Writers write. That’s the bottom line.
I wrote more last week than in any other week of 2018 so far, despite taking Saturday off. The sum is due in large part to a splurge in the middle of the week when I just really got on a role with my blog. I’m also making a real effort to get back to my fiction writing. So much of January was dedicated to the blog, which I love, but I don’t want to sacrifice my fiction. Last week I continued my Refuge series, commented on the surreptitious introduction of evil into the world, and pulled together a crude gauge of President Trump’s foreign policy based on his State of the Union address. It was a solid week of writing, and I’m hoping I can keep it up–and exceed it–in February.
Words Per Day
Monday, January 29: 1,676 words (blog)
Tuesday, January 30: 1,401 words (blog)
Wednesday, January 31: 4,424 words (blog)
Thursday, February 1: 1,442 words (blog and fiction)
Friday, February 2: 595 words (fiction)
Saturday, February 3: 0 words
Week 5 (Jan. 28 – Feb. 3) Totals
Last week, I wrote 9,788 words and spent 6 hours writing, averaging 1,958 words per hour.
Since the beginning of 2018, I’ve written 37,986 words and spent approximately 24 hours writing.
Published Writing From Last Week
An Inadequate Response to the Refugee Crisis – So many people (include me) find themselves complaining about the shortfalls of the American response to refugeeism. Surely, we do fall short. The global response to the modern refugee crisis has obviously not been enough to end it, or even really shrink it. Even so, I try to acknowledge what the United States has done right, and how to move forward better.
The First Evil – I’ve been reading through Genesis as part of my devotional time in the Word. While it is popular–and, I think, true–to say that the first sin to enter the world was the pride of men (the desire to be like God), it struck me while reading that this sin was prompted by the entrance of evil in the form of slyly sown confusion. The serpent asked, “Did God really say…?” and that seed of skepticism led to much greater consequences.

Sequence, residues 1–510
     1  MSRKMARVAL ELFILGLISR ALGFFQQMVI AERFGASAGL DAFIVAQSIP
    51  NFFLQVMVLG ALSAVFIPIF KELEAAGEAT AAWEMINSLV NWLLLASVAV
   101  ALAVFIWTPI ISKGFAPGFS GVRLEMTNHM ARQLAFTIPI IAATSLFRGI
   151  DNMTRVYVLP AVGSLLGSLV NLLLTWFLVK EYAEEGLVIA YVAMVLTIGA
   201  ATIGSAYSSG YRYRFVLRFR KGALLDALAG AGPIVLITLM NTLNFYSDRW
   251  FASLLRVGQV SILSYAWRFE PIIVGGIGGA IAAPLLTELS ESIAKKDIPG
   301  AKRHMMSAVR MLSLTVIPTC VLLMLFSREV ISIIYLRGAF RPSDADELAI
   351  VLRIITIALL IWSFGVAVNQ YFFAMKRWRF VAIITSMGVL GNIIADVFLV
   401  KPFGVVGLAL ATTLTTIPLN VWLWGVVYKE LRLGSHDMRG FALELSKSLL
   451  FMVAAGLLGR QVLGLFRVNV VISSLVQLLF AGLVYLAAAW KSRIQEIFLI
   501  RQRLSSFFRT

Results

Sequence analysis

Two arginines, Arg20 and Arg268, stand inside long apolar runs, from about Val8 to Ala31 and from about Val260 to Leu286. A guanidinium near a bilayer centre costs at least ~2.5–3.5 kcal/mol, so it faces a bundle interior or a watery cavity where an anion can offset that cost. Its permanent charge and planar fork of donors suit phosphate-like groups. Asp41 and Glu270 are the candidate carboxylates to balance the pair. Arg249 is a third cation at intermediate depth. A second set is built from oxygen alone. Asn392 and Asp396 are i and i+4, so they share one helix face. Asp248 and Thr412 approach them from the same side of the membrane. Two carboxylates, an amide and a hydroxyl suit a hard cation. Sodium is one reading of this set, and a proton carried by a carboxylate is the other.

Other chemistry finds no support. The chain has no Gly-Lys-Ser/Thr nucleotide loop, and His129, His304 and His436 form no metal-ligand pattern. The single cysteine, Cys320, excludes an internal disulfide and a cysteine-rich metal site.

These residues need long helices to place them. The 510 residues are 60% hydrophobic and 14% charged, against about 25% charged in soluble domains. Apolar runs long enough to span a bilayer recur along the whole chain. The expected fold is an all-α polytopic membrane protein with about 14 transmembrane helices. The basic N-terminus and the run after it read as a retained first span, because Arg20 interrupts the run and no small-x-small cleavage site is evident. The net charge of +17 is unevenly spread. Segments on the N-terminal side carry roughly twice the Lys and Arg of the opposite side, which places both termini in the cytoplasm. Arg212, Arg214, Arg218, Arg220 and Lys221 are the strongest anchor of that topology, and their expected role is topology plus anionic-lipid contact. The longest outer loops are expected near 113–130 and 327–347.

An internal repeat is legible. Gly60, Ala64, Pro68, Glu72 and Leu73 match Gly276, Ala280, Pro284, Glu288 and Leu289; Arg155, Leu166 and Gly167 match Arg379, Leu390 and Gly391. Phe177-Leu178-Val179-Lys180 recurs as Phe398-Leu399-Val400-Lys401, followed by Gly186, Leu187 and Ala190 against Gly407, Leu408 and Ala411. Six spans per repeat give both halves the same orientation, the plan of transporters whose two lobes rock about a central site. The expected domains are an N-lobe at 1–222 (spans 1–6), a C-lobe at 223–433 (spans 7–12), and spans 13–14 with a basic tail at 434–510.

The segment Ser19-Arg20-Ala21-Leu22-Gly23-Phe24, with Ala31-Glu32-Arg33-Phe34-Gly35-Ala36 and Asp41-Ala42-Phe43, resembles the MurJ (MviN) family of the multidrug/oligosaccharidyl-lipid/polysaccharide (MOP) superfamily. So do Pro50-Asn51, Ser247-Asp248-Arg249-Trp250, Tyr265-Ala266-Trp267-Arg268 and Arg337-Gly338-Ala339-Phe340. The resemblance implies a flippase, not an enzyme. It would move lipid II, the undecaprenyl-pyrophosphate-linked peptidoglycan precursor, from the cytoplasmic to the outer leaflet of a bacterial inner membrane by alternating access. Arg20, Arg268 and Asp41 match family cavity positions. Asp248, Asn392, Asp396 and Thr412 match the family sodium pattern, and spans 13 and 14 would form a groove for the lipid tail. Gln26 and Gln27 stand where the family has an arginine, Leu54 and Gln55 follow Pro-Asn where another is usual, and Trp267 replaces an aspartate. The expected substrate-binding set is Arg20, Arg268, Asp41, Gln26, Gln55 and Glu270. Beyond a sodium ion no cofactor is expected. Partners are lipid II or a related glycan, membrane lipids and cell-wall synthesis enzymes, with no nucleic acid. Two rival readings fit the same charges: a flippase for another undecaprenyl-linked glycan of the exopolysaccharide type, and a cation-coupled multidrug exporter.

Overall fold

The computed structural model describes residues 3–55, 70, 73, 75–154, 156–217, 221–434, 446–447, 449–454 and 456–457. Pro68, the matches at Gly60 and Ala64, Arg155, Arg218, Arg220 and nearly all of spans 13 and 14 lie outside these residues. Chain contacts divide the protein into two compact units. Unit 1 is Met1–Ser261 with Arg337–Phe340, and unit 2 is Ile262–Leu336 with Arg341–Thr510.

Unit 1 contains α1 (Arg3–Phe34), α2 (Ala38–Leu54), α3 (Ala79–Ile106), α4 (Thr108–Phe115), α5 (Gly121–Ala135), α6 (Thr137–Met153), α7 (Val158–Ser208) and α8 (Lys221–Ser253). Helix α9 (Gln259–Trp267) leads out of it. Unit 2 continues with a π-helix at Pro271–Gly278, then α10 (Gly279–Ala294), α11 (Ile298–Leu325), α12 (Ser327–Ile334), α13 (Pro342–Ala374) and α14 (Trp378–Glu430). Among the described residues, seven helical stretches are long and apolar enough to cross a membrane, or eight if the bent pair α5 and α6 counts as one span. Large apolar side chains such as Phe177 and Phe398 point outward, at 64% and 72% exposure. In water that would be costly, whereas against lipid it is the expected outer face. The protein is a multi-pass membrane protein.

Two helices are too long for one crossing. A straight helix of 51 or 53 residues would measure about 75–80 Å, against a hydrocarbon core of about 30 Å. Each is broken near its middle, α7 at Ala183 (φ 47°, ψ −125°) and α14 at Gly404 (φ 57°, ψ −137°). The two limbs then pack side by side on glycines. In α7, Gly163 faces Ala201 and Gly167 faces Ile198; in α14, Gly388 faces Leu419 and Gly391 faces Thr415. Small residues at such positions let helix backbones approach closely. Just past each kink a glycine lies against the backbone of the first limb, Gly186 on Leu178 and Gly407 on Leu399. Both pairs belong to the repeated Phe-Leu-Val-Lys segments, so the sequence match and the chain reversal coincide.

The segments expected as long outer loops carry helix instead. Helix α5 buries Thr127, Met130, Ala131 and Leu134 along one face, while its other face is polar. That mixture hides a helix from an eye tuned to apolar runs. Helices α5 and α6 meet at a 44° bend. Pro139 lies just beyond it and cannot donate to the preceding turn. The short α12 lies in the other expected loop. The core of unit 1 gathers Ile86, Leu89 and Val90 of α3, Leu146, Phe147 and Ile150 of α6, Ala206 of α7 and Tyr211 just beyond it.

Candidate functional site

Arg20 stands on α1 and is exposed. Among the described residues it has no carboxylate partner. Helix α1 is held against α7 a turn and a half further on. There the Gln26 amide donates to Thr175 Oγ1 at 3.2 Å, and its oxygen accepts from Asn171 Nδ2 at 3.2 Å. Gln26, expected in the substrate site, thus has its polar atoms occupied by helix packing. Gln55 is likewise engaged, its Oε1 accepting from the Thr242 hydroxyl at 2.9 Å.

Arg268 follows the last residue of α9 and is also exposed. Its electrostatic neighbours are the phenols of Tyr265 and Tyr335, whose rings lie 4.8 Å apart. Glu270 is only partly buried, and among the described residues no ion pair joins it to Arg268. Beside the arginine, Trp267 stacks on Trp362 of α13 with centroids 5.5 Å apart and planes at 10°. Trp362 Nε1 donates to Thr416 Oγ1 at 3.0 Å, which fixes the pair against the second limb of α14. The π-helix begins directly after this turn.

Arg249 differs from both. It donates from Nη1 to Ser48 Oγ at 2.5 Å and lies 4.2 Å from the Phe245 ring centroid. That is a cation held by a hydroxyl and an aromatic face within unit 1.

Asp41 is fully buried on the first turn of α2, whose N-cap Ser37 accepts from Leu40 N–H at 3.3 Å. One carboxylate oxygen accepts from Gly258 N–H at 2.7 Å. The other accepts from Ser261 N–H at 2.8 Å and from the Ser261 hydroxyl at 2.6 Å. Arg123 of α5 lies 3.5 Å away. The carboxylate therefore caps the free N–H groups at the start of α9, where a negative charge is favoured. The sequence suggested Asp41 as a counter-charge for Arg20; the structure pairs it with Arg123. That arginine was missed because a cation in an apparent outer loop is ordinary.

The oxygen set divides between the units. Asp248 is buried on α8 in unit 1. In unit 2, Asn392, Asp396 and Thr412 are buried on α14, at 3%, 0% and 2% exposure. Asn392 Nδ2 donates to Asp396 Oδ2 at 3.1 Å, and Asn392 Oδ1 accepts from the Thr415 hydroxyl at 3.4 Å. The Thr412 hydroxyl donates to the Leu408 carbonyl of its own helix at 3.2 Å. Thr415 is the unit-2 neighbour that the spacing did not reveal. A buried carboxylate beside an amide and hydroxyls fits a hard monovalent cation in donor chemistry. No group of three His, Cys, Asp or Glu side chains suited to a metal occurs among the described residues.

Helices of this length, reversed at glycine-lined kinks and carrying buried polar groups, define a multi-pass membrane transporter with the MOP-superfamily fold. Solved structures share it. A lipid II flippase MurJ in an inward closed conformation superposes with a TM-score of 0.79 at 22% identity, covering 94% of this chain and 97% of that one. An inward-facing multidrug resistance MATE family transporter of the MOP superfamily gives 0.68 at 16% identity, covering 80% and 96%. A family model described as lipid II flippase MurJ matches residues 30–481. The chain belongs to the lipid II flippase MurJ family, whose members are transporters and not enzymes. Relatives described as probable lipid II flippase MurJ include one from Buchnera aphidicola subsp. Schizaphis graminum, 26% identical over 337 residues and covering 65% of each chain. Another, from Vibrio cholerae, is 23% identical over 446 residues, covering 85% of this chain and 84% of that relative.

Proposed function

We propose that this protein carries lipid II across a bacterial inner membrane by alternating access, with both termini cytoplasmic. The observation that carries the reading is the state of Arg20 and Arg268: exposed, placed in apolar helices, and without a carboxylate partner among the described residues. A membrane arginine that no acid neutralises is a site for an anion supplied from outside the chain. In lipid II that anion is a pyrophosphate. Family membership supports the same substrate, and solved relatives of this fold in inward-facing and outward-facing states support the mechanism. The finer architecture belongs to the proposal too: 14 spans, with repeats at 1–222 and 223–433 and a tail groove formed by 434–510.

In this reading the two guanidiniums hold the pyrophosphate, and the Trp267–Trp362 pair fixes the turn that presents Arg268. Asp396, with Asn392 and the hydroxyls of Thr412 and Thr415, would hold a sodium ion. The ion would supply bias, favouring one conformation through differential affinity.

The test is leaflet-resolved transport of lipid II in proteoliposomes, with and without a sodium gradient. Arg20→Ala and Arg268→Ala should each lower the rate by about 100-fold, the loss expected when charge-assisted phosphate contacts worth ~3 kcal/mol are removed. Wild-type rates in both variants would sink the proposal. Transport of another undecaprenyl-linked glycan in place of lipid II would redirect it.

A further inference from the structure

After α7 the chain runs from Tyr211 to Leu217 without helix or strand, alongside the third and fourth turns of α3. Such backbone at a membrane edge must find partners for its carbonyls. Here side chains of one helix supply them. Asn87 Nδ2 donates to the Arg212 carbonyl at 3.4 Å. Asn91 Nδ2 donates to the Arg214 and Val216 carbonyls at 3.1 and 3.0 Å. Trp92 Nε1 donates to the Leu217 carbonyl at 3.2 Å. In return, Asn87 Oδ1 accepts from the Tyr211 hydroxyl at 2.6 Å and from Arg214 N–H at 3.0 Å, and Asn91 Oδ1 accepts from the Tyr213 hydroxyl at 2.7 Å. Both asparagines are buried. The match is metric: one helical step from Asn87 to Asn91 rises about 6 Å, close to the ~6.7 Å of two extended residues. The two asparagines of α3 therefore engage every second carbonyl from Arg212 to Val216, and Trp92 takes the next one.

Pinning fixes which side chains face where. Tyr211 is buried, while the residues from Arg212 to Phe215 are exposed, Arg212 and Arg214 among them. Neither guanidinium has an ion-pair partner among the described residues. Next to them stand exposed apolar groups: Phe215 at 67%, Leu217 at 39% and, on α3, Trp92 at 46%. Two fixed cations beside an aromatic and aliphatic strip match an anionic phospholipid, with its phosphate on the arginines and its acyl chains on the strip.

Foreign Policy in President Trump’s State of the Union – Since 2012, I have tracked references to seven foreign countries–Iran, Iraq, Israel, Afghanistan, Russia, China, and North Korea–in the State of the Union addresses of Presidents Obama and Trump. It’s a crude measure, but I think this metric reveals something telling about the foreign policy of our presidents.
Recovering Eden – We may look at Genesis and idolize the perfection of Eden before the Fall. How might we recover such a paradise? For the Christian, such recovery is not really the goal. We are not moving backward toward the original Eden, but moving forward toward a new creation.
Writing Tracker – Week 4 (Jan. 21 – Jan. 27) – Follow along as I track progress toward my writing goals. Here’s an update from the fourth week of the year.
Here’s What’s Coming Up
In the near future, I’m planning to write more in my series about Black Mirror and the Kardashev Scale, and how both of these interact with the Kingdom of God. I’m also working on pieces of God as the God of cities and elaborate on the subtle dangers facing Christians as we engage in his Word and our private and public faith. Please share and read along!
Why Sharing Your Goals Is Important
Accountability: Because my writing goals for 2018 are to 1) post at least twice per week on this blog and 2) publish a book online, I know that I need to hold myself accountable and be held accountable by others. Making my writing statistics is one way for me to do that. With my writing production out in the open, others can see if I’m keeping up and, if I’m not, give me the necessary encouragement/kick. Posting my stats also keeps me personally motivated, as I don’t want to be embarrassed by falling behind my goals in public.
Inspiration: Assuming I can maintain my writing production at a level I’m satisfied with, I hope it will be an inspiration to other writers. I work full-time and have a number of ongoing commitments, but because writing is important to me, I make the time. You can too. Even 15-minute writing sprints over the course of weeks and months really adds up.
Data Tracking: I love seeing trends in data almost as much as I love writing. Amateur data analysis is incredibly easy today, and I love to see my numbers crunched. It’s fun and fascinating, but it also helps me write. Tracking my writing means I know how much I can write per genre, per hours; I know my pace; I know how much time I’m actually dedicating to writing; and I can see how my writing accumulates and improves over time.